3D printed flexible mesh for ankle and knee braces. According to Sebastian Pattinson, who conducted the research as a postdoc at MIT and associate professor of mechanical engineering A. John Hart, “This work is new in that it focuses on the mechanical properties and geometries required to support soft tissues.3-D-printed clothing and devices tend to be very bulky. We were trying to think of how we can make 3-D-printed constructs more flexible and comfortable, like textiles and fabrics. The beauty of this technique lies in its simplicity and versatility. Mesh can be made on a basic desktop 3-D printer, and the mechanics can be tailored to precisely match those of soft tissue.”
RCSI professor named the joint recipient of €1m NSF and SFI research grant for 3D bioprinting. This will help healthcare research for patients and consumers 3D printing technology. Advanced biomaterials and 3D printing will be harnessed to repair joint cartilage. According to Prof. O’Brien, Prof. Seth Donohue from the University of Massachusetts, Prof. Helen McCarthy from QUB in Northern Ireland, “We are really pleased to have received this US-Ireland R&D Partnership grant. By partnering with leading international groups in Ireland and the United States, the team has the combined skill set to develop a transformative technology that moves beyond the state of the art which can thus have real clinical impact.” This funding will support RCSI’s innovative research into bone repair and regeneration, using biomaterial scaffolds functionalized for gene delivery.
According to San Daniele del Friuli, Udine, Italy based co. and CEO of LimaCorporate Luigi Ferrari, “We are proud to be the first company to bring 3D printing of implants directly to a hospital organization, where the collaboration between top-ranked surgeons and engineers can drive innovation and easier access to patients in the US. This is what defines Lima. A company that has in the past, and will continue in the future, strive to transform orthopedics by challenging the status quo,”.
The new facility, operated by Lima on the HSS main campus on New York’s Upper East Side.
Ford Mustang Shelby GT500-Dual-Clutch or 10-Speed Automatic.
According to Ford, it is “using 3D printing in the manufacturing world, bridging the gap between abstract and practical.” The company is “fully invested in the latest commercial 3D printing innovations.”
Pricing for the 2018 Ford Shelby Super Snake starts at $113,445, including the donor Mustang.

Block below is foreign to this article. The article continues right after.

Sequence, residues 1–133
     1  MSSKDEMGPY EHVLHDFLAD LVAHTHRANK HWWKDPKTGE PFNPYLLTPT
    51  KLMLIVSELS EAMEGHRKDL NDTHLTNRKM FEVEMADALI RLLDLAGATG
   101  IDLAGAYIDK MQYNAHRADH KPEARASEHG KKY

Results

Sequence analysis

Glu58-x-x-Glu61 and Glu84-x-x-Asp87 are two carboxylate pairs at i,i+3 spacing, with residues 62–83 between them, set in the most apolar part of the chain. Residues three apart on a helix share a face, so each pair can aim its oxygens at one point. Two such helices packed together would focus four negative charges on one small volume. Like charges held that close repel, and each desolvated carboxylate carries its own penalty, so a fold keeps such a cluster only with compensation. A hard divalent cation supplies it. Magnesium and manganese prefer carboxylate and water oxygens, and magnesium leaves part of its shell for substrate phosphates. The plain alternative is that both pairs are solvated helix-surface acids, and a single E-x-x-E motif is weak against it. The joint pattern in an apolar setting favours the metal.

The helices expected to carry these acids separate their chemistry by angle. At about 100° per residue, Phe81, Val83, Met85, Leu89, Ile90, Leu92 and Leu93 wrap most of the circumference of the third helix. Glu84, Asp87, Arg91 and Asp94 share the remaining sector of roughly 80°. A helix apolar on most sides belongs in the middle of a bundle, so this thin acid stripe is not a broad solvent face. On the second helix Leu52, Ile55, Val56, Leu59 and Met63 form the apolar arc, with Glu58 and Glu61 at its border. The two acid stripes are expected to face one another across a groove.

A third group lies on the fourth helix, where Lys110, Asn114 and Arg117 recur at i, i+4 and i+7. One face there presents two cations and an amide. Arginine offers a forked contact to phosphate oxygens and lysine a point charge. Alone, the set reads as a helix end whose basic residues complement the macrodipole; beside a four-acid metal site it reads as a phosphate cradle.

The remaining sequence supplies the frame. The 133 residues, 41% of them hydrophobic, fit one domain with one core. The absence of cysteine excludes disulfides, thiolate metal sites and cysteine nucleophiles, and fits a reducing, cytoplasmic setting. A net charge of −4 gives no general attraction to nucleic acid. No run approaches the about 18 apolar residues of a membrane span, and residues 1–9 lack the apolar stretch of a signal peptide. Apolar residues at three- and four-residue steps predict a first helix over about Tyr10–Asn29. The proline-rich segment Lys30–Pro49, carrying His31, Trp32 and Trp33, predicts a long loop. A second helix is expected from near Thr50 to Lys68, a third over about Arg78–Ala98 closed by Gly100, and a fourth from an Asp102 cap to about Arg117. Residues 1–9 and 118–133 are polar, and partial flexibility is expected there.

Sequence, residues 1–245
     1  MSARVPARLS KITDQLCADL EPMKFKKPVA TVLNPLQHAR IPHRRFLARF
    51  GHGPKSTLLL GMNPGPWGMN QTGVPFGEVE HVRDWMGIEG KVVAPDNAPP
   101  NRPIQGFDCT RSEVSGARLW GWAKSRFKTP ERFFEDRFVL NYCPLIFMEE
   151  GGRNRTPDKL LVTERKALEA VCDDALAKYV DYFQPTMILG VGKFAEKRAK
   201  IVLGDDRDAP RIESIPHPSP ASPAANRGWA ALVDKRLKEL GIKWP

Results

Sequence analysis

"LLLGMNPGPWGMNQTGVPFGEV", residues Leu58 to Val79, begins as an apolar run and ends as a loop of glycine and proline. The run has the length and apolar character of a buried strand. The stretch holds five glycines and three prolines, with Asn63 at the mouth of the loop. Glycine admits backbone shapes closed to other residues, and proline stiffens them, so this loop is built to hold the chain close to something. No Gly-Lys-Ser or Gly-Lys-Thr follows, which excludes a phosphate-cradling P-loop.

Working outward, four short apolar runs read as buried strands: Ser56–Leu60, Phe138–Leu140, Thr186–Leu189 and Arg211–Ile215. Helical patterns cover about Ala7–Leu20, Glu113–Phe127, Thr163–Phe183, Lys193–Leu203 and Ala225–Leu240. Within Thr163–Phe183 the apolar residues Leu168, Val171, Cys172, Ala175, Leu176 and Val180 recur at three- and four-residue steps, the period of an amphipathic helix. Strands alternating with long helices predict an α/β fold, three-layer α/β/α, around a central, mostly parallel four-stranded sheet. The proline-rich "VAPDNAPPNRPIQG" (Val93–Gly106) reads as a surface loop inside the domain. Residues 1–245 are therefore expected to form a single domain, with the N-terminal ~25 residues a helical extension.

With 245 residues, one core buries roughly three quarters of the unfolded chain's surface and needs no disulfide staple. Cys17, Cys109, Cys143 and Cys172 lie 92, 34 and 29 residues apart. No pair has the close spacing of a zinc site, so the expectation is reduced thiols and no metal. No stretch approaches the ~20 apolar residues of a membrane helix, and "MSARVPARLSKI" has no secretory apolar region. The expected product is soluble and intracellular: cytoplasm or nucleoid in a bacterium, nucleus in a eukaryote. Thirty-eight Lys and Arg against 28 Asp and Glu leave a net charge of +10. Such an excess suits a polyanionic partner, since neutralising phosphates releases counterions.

2019 Shelby GT500 Top Speed is Over 200 MPH. The S197 generation of the Ford Mustang in Shelby GT500 form could top 202 miles per hour (325 km/h) at the Nardo test track in Italy.
The Super Snake, available with an automatic or manual transmission, begins as a Mustang GT with its 5.0-liter V-8, but a supercharger and tuning kick it up to a claimed 670 horsepower. Pay extra for a Whipple or Kenne Bell supercharger, and Shelby claims the engine will generate up to 750 horsepower.
Graduate students learned how to 3-D print ice cream in an additive manufacturing course at MIT.
According to John Hart, the Mitsui Career Development Associate Professor in Contemporary Technology and Mechanical Engineering at MIT,” says early education on 3-D printing is the key to helping the technology expand as an industry. I very much enjoyed creating and teaching the course and I’m proud of what the students did, and what it means about the future potential of additive manufacturing. The students’ final projects have included printers that they built specially to print molten glass and even soft-serve ice cream”.
WSU researchers create 3D-printed glucose biosensors. According to Arda Gozen and Yuehe Lin, faculty in the School of Mechanical and Materials Engineering, the research has been published in the journal Analytica Chimica Acta,” 3D printing can enable manufacturing of biosensors tailored specifically to individual patients. This can potentially bring down the cost. For large‑scale use, the printed biosensors will need to be integrated with electronic components on a wearable platform. But, manufacturers could use the same 3D printer nozzles used for printing the sensors to print electronics and other components of a wearable medical device, helping to consolidate manufacturing processes and reduce costs, even more.
Our 3D printed glucose sensor will be used as the wearable sensor for replacing painful finger pricking. Since this is a noninvasive, needleless technique for glucose monitoring, it will be easier for children’s glucose monitoring”.